Sunday, September 30, 2007

How to "Make It" to Authordom

A.C. Crispin, sci-fi fantasy writer, offers an interesting take on the kind of person who will likely "make it"; that is, become a published, working author. I thought it was a great post--these observations apply no matter what genre you write.

This blog, which A.C. Crispin writes with Victoria Strauss, is called Author Beware, and regularly lists scams and cons out there that target authors. Sadly so many people want to make money off your dreams, leaving you high and dry. Well worth checking out.


Friday, September 14, 2007

How Hollywood Gets It Wrong

I’m always baffled (not to mention irritated) by portrayals of authors in movies and television. Authors are stereotyped in the most absurd ways—romance authors in particular--which explains why so many non-writers think we’re either too glamorous to be real or too stupid to live

Here are some myths I’ve seen in movies and on television:

All authors live in New York City and carry their finished mss. personally to their publishers.

Authors published in New York live all over the United States and in England, Canada, Germany, India, Australia, New Zealand, and all points in between. Authors mail mss to their publishers via USPS, Fedex, etc, or through email. Very rarely do they deliver it in person, unless they happen to be in Manhattan with said ms. under their arm and happen to be passing their publisher’s building that day.

Manuscripts are 4-inch thick tomes bound in brown or blue vinyl or whatever.

Manuscripts should not be bound. Mss. are sent to editors loose in a box (priority mail or fedex boxes are perfect with a little bubble wrap to fill in the gaps). Put a rubber band or two around the ms. to hold it steady--that's it. These days, full mss. can be emailed (with prior editor approval!). Maybe this bound ms. myth comes from the fact that movie and TV scripts get bound? Or it's easier for the actor to carry it around the set? This is nitpicky, but it bugs me to no end.

Romance editors loathe their work and would rather be nurturing the next Ernest Hemingway.

Most romance editors are voracious genre readers and love the best authors in romance, mystery, scifi/fantasy, horror. Go on, ask any romance editor what she likes to read for pleasure. I write for editors who love J.R. Ward, Karen Marie Monig, Janet Evanovich, Charlaine Harris, and many more.

The author’s agent or editor flies to author’s house to nurse him/her through their bout of writers block. Editor/agent may stay for the entire movie.

Most publishers have large lists of authors and never enough editors. Editors work from early morning to late at night, often carrying mss. from the slush pile to read on their commute and on vacation. Agents take care of a dozen to fifty clients, and they have the same slush pile issue. These people barely have time to chat on the phone let alone fly to an author’s house to live with him for a couple weeks. Author must get over writer’s block on his/her own.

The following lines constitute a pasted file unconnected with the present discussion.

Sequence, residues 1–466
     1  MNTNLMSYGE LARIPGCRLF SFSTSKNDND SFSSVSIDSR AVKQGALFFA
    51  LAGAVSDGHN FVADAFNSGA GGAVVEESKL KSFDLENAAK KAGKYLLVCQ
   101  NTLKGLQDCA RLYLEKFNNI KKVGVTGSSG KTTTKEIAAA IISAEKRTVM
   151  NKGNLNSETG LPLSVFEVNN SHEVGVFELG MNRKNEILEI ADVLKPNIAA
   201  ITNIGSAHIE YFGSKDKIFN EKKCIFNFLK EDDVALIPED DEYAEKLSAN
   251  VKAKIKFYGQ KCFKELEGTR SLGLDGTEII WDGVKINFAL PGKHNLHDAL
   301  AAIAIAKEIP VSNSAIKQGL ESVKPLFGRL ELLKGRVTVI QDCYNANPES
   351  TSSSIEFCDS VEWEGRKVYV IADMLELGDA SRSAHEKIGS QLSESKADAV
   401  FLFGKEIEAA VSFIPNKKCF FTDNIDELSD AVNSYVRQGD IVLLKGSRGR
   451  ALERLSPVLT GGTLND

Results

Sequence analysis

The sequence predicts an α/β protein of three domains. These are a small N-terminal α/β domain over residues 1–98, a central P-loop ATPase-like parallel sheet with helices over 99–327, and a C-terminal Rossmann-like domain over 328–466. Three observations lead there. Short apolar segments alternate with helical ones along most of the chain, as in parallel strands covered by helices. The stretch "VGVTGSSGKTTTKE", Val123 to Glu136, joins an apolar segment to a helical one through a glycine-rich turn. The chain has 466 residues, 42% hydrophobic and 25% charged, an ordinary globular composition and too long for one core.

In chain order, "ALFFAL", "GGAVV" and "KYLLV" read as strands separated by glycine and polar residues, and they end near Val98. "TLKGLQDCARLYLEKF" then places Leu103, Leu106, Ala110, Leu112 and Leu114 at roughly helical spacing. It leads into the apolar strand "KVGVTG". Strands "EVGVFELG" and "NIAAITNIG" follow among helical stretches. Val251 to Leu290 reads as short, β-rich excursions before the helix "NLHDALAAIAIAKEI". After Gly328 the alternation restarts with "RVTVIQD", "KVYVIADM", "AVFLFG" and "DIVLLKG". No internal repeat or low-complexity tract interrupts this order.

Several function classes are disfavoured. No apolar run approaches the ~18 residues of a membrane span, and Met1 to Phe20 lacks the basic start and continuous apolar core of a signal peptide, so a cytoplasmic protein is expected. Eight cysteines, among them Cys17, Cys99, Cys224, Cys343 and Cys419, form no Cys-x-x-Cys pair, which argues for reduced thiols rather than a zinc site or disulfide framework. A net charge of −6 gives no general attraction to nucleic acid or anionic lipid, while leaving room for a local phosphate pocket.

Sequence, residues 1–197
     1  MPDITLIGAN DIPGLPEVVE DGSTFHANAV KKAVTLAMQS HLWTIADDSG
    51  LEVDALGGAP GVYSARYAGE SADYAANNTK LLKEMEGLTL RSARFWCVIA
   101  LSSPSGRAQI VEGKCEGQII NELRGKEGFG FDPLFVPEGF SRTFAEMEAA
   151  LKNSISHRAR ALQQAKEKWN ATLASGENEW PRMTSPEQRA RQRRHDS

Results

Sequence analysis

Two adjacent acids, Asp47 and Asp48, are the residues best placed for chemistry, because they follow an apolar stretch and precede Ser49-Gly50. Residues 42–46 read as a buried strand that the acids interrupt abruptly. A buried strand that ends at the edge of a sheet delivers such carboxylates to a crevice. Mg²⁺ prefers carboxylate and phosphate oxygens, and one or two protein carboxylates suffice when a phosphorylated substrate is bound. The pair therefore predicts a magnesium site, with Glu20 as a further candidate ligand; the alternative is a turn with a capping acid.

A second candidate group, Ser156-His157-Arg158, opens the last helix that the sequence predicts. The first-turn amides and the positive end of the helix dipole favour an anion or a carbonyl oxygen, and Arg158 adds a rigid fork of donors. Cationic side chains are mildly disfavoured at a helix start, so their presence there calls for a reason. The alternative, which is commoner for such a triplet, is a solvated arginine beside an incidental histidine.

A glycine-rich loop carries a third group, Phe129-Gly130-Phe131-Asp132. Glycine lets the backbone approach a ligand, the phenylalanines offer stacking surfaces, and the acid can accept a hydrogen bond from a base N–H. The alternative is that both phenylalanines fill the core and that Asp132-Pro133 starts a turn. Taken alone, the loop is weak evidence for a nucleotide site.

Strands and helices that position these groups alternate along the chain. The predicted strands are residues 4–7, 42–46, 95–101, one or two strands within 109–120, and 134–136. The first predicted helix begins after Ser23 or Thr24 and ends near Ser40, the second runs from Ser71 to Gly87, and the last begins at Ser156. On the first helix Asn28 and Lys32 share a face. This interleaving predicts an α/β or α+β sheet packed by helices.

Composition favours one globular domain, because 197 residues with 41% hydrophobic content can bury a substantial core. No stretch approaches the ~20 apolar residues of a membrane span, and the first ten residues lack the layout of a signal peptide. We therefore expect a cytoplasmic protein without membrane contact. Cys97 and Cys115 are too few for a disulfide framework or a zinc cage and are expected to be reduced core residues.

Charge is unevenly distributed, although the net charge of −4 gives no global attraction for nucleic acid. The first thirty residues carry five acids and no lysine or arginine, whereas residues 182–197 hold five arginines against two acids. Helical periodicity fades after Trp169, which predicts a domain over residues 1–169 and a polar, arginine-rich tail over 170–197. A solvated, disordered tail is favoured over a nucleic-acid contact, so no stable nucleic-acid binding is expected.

Editor meets author at coffee house or restaurant and reads ms., usually weeping and raving, while author watches.

This could happen if you and your editor both live in Manhattan. And you’re very good friends. And the editor doesn’t have anything else to do. What mostly happens is you send your finished ms. to your agent, who then passes it to your editor. The editor might send author a brief email saying “got it, thanks!” Depending on the editor’s schedule, you might not hear anything about that manuscript again for another few weeks to months.

All authors live in penthouse apartments in Manhattan, or mansions on the west coast, or both. They attend lavish cocktail parties and rub elbows with celebrities.

Maybe the top, top, top authors do. The household name ones. Cocktail parties with celebrities? Most authors get excited about meeting friends at Starbucks. Many keep on living in the communities in which they were living before they got published. If they’re very successful, they might buy a bigger house, take nice vacations, or have a second home.

An author who doesn’t make the NY Times Top 10 is considered a failure.

I saw this on Veronica Mars once. Veronica’s poor dad only made the extended list. Means his print run was pretty damn good, and he’ll probably make a nice little amount on it, especially if it was a hardback. It’s very, very, very, very, very, very, very difficult to make the top 10. Many authors never will make it, because much of making the big lists depends on print run, genre, and what the publisher and booksellers do with the book.

Addendum: Making a list doesn’t mean the book is a success either. Only the sell-through (the percentage of the print run that sold) determines success. If you make NYT top 10 and sell 30% of your print run, you’re screwed. Sell 70% and never touch a list, you’re cool. I know a couple authors who rarely appear on the lists and make a nice six-figure income every year.

Real authors won’t consider writing genre fiction, and if they do, they invent a pseudonym and hire an actor/actress to personify them so no one will know.

I saw this recently on a British murder mystery (who seem to be the worst culprits in stereotyping genre writers). This scenerio could happen, of course, and I think I remember reading about it happening once. However, most genre writers consider themselves “real” writers and live without shame. If not for genre (horror, romance, mystery, thrillers, westerns, etc.), the book industry would have died long ago.

Authors don’t write their own books. They hire ghost writers and sit back and collect the bucks.

All right, so a couple authors have come forward to say they hire a ghost writer to write while they do the marketing. But by and large, most of us type our butts off, revise our own mss., and spend a lot of our own time and money on promo. Of the writers I’ve met, and I’ve met many, all write their own books.